I chose to give up shopping for Lent — yes, I said give up for Lent — because my shopping addiction is something that has a stronger hold on me than caffeine or cigarettes.
The Lenten Promise
Together with a good friend (who shares this addiction), we decided about four weeks ago to try to give up shopping. Since it just so happened to be on Shrove Tuesday that this was decided, we made it our Lenten promise.
A Lenten promise is something that Catholics do over the 40 days of Lent, the time leading up to Easter. The promise is something like a new year’s resolution. You give up something or commit to doing something for the 40 days of preparation before Easter.
The promise started as a joke, “Let’s see if we can give up shopping for the whole 40 days,” we decided. We even toyed with the idea of closet swapping, in case we became bored enough with our own clothes within this long period of time and needed a change.
While it started as a joke, it couldn’t have happened at a better time. My husband’s seasonal work was on hold and teachers (myself included) were experiencing a pay freeze, so the money was less than flowing. This was the perfect time to test my own willpower and self-restraint.
The first few weeks
The first two weeks were simple; work was busy, so I had barely enough time to sit, let alone shop. Our new puppy Charlie needed to be walked and fed, leaving very little time to stop and shop on my way home from work. Lent also happens to cross over the darkest parts of the winter season which means staying in is not only the easier option, but also the desired one. No one wants to leave a warm home on a cold day; not even an avid shopper. While I realize that online shopping is, and has been an option for a while now, it did not become too much of a problem for me (I only took part in a little browsing whenever I got the itch).
I guess I’m a little old-fashioned when it comes to shopping methods; I like to try my outfits on, compulsively buy them to make for a better, more fulfilled day; or pine over them (usually because they are way too expensive) and buy them at a later date, leaving enough time to make me think I somehow deserve them. Yes, there is a method to this mall madness.
The consumed consumer
As the weeks went on, the urge to shop took over my conscious and subconscious mind. I was dreaming of new outfits — sweaters, pants, and of course dresses for the spring. Then one Tuesday night, while waiting for our yoga class to start, my girlfriend (the one who had made the promise with me) started talking about all of the new spring outfits she had recently purchased.
For a second I had forgotten about the promise and was asking her where these great finds were, so I could make some purchases of my own. Then it hit me, “wait,” I began — “didn’t we give up shopping for Lent?”
“Oh ya,” she exclaimed half laughing, “ I totally forgot about that.”
This didn’t upset me, or make me doubt my own promise initially, instead I just laughed it off; unaware of the effect this might have on my own promise later on. While I didn’t notice the change right away, it would become increasingly more obvious as the weeks went on.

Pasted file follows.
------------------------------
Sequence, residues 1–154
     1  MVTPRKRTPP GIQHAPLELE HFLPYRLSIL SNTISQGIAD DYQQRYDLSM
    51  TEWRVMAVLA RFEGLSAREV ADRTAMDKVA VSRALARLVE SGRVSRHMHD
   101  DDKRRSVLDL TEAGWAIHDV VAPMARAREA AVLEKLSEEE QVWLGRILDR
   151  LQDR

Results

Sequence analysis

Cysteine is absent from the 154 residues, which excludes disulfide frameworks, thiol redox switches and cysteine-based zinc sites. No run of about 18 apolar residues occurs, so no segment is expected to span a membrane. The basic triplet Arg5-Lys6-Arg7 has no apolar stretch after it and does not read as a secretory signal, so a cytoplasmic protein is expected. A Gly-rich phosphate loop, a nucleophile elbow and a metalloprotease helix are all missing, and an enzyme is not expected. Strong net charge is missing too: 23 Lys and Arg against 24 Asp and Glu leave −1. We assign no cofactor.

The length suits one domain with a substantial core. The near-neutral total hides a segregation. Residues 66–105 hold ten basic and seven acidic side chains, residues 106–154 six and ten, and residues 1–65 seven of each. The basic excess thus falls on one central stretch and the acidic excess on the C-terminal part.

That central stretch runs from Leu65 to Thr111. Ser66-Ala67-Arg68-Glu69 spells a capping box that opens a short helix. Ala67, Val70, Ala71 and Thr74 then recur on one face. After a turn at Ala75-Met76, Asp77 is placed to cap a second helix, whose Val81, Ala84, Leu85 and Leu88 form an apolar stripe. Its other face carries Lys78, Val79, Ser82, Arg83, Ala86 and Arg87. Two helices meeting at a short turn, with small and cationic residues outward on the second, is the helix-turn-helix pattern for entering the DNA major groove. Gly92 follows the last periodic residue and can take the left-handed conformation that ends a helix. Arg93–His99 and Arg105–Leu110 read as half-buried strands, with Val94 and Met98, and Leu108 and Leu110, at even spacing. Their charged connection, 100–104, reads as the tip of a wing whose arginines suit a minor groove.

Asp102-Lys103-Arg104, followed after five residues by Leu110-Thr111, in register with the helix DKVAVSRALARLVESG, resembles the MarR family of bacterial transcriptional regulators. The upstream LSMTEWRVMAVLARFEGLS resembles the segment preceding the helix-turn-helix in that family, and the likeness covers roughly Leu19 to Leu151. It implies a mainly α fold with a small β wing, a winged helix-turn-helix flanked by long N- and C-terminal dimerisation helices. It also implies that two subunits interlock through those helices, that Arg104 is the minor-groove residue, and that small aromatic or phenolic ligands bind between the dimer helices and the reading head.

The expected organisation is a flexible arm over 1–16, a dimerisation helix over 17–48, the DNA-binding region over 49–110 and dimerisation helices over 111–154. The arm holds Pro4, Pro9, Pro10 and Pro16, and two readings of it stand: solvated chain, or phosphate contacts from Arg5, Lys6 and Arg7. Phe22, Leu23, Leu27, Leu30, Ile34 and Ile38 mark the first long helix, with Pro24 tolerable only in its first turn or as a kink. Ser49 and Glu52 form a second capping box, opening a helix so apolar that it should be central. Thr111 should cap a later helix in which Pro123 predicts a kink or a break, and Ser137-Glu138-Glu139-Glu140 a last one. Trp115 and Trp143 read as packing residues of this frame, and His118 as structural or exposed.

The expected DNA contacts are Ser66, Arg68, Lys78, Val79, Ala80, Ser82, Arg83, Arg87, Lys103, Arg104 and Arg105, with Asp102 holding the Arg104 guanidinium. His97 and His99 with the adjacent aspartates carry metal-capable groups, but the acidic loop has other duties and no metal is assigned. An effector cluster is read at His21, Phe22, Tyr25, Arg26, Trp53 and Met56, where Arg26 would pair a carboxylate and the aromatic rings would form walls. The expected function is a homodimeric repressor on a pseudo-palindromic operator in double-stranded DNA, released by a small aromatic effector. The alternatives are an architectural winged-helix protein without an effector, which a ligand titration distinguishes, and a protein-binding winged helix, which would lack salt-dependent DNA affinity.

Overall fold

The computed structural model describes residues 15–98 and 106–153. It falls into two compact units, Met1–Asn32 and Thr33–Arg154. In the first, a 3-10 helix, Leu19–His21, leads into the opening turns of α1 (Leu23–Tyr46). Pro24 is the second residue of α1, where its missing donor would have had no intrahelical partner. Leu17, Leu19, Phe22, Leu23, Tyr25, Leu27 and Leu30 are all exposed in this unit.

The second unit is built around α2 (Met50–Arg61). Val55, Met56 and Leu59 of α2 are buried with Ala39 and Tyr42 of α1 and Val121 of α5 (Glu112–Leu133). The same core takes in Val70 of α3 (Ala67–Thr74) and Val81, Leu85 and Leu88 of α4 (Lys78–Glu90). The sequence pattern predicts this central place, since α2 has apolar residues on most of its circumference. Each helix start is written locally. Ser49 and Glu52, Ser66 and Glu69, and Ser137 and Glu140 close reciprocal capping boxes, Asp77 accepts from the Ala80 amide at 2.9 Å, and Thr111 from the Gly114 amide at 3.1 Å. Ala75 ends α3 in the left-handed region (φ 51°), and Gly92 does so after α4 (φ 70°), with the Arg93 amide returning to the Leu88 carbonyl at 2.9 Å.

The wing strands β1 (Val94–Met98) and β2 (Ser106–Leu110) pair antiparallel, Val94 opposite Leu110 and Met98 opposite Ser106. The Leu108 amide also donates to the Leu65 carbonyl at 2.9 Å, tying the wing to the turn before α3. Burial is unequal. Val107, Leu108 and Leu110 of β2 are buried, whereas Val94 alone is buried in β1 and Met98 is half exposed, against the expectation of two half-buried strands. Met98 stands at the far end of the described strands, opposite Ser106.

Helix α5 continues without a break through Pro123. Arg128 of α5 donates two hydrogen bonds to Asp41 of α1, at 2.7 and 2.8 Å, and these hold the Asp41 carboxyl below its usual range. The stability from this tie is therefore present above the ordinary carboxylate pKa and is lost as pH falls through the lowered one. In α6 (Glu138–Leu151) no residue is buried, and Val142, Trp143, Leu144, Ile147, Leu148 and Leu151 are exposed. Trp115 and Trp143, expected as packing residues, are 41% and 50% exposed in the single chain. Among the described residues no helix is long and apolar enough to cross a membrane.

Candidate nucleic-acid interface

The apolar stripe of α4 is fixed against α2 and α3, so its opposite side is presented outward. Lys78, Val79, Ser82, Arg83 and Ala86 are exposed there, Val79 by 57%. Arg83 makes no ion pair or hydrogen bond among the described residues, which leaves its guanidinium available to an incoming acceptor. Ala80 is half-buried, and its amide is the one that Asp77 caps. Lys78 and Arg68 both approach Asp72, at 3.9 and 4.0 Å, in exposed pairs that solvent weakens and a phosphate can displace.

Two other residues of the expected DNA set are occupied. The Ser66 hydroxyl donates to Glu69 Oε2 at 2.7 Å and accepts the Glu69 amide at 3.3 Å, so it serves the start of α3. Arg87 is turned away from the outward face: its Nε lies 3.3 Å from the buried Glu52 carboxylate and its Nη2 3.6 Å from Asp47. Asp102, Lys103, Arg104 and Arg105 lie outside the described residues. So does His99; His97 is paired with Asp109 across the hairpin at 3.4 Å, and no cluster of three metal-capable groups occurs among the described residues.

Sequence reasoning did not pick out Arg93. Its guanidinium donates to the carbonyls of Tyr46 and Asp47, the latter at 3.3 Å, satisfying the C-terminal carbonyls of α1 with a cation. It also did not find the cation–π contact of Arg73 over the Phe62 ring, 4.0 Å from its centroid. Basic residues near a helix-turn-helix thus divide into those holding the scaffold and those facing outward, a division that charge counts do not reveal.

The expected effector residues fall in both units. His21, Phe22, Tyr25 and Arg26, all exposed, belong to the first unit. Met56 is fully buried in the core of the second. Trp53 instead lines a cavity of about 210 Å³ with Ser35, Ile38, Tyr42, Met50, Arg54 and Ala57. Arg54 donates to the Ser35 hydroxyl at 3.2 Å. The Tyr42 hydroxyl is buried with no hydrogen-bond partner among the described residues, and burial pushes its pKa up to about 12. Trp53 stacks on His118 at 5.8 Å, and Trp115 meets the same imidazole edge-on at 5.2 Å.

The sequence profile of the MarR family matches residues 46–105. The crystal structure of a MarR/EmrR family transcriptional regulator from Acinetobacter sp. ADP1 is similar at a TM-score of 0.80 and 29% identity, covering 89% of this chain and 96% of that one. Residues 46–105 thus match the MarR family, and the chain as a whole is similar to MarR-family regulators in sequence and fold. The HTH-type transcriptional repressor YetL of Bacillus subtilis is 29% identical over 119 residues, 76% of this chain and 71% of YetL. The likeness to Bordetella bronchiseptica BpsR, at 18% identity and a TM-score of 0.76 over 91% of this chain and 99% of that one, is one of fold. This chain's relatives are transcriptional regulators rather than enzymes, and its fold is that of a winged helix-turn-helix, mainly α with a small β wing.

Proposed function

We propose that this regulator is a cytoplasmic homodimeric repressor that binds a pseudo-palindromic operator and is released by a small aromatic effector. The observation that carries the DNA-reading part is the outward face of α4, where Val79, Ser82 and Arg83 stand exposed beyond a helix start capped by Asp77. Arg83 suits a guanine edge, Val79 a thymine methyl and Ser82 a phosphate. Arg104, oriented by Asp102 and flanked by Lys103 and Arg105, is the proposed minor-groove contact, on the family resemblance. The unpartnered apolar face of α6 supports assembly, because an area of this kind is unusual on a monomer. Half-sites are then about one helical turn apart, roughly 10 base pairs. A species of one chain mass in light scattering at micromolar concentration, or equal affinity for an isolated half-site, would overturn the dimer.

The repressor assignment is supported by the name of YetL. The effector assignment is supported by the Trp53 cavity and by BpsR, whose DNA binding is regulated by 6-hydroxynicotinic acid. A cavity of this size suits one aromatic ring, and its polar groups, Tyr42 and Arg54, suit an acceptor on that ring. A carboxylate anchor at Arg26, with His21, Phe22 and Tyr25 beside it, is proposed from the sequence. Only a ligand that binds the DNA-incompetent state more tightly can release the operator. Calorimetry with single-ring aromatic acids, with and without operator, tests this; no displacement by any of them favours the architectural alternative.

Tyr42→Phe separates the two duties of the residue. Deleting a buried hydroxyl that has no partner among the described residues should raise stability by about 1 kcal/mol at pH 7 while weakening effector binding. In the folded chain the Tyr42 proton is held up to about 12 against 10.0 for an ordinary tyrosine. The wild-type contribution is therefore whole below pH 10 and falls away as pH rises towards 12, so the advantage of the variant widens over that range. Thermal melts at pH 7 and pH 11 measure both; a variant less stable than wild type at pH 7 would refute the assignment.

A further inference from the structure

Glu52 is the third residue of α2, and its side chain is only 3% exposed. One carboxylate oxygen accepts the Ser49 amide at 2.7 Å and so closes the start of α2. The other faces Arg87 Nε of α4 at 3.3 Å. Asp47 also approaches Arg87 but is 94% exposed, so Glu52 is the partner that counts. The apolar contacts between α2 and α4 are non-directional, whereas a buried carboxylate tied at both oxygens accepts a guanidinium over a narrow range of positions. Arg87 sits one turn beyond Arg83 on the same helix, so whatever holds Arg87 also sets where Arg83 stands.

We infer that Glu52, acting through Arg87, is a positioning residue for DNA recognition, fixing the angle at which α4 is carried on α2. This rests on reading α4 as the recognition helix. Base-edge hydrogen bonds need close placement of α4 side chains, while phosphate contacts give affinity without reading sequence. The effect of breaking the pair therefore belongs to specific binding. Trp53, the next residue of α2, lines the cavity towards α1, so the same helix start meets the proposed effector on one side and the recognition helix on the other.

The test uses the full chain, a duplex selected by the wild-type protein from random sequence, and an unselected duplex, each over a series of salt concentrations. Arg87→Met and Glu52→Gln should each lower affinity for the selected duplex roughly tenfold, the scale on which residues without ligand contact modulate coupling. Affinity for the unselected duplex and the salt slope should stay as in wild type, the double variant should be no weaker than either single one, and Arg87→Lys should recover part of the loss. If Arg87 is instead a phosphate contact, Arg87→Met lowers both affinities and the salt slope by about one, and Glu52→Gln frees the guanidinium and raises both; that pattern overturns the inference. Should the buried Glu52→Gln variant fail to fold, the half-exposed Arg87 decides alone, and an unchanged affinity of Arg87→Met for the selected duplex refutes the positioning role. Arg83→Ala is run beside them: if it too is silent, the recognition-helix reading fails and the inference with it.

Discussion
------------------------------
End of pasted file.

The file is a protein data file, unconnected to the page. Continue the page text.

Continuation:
The following week I was off for March break, finally getting some well-deserved time to myself. With all of this time to waste, I started to make exceptions, compromising my promise. What started as no shopping period, had suddenly become no shopping for clothes, leaving room for household items (décor included), laptop cases, kitchen accessories, toys for my dog, the list goes on. Basically if I wasn’t going to wear it, I could still buy it.
For some reason this new, modified promise still felt like a valid promise, as if I had convinced myself that this was okay, especially because I was the only one making the rules now. This was no longer a shared or collective experience, which made me feel a lot less accountable for my actions. As more time passed, the rules became less and less clear, to the point where I was asking my husband to make purchases for me (from our shared account) just so I could feel as if I had refrained from buying the clothing. After a sweater purchase on a Sunday afternoon, I finally came to the realization that I had failed.
I had not kept my Lenten promise.
The Lenten promise I failed to keep
Lent is a time of preparation, reflection, and a test of spiritual discipline. Over the past 40 days I can truly say that while I could not keep the promise entirely, I did learn a lot about myself. A big part of why I could not keep the promise had to do with my own obsession with the fact that I could not have what I wanted. We live in a culture where this desire to have, own, and buy everything we want, especially when it seems out of reach, has the power to consume us. We are so obsessed with fulfilling selfish desires, like keeping up with the latest fashion trends, and owning the latest devices, that we lose sight of the more important things in life like our own integrity.
As a result of what I can now call an overly ambitious attempt at a Lenten promise, I’m going to continue to make a conscious effort to control selfish desires and look more closely at what I do have. There is so much more to this crazy life than the possession of items. With this realization, I guess I can say that this wasn’t a complete failure.
Flickr photo (cc) by redwood 1